The nuances of the word ‘complexity’

One of the most popular ways to explain the difference between risk and uncertainty is the example of the coin:

Imagine you flip a coin 100 times. If the coin was perfectly balanced the final tally would read: 50x head, 50x tails. However, since coins are not perfect, in real life you’re more likely to get something like a 48/52 distribution. Your lack of knowledge about coin imperfections is the uncertainty you need to consider.

When one thinks about politics/economics upon this example one imagines that uncertainty is essentially the result of lack of information and complication. Many, many, many, coins with unknown imbalances being flipped at once make for a lot of uncertainty.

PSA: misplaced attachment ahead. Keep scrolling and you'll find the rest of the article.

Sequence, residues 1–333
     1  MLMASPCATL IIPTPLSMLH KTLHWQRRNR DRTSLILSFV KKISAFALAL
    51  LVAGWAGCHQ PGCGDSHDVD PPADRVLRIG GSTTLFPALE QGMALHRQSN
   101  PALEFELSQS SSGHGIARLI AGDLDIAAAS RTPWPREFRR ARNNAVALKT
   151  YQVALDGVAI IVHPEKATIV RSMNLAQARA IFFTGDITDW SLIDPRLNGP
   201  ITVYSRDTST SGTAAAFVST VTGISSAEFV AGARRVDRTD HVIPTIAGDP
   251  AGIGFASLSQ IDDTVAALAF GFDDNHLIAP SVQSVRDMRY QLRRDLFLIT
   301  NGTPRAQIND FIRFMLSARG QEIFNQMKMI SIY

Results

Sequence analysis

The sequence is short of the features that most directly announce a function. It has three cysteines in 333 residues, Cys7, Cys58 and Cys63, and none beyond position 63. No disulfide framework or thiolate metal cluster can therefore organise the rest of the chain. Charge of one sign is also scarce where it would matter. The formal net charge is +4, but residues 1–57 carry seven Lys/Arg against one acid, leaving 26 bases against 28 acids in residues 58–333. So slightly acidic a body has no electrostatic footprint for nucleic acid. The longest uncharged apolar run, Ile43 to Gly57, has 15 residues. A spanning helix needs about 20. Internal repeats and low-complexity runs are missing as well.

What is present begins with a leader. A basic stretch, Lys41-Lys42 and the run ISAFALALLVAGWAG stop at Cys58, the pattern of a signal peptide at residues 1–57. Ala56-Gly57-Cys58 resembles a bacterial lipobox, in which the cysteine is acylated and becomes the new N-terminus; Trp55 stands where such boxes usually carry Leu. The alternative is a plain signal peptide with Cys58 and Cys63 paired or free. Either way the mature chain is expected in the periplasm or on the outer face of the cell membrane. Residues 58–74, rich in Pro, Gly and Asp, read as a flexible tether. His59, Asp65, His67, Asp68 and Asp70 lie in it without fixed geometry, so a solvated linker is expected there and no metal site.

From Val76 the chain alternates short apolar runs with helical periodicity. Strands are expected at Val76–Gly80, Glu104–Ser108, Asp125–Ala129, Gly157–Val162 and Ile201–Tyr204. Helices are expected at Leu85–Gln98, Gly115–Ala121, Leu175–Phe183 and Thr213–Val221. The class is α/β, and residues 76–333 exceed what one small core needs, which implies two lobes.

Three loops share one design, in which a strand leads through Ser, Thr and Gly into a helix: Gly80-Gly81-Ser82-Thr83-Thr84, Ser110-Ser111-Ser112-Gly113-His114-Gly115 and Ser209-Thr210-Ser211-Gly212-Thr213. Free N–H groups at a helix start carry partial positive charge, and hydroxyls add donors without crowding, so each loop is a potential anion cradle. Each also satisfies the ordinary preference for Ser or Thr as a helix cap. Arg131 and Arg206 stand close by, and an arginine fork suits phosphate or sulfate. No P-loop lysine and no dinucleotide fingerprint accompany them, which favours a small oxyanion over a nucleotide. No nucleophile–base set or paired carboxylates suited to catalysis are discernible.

This has a fun language parallel, as recently pointed out by a student of mine. In English, the dictionary meanings of the words complication and complexity is almost the same:

Complication: a circumstance that complicates something; a difficulty.

Complexity: The state or quality of being intricate or complicated.

In German, however, the words imply a very different type of situation. Complicated is used for something with many parts. Complex is reserved for things that are uncertain on top of being complicated. A Swiss watch: complicated but certain. Many coins with unknown imbalances flipping at once: complicated and uncertain.

Can both these situations be described as complex? In English, yes. In German, apparently, not.